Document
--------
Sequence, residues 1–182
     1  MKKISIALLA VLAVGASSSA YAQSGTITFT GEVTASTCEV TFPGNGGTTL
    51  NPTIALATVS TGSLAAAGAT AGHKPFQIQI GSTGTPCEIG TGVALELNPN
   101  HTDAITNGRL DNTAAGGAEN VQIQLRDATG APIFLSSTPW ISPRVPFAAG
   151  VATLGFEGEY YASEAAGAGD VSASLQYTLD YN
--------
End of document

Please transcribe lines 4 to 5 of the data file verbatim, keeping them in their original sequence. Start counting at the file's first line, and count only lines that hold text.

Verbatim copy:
   101  HTDAITNGRL DNTAAGGAEN VQIQLRDATG APIFLSSTPW ISPRVPFAAG
   151  VATLGFEGEY YASEAAGAGD VSASLQYTLD YN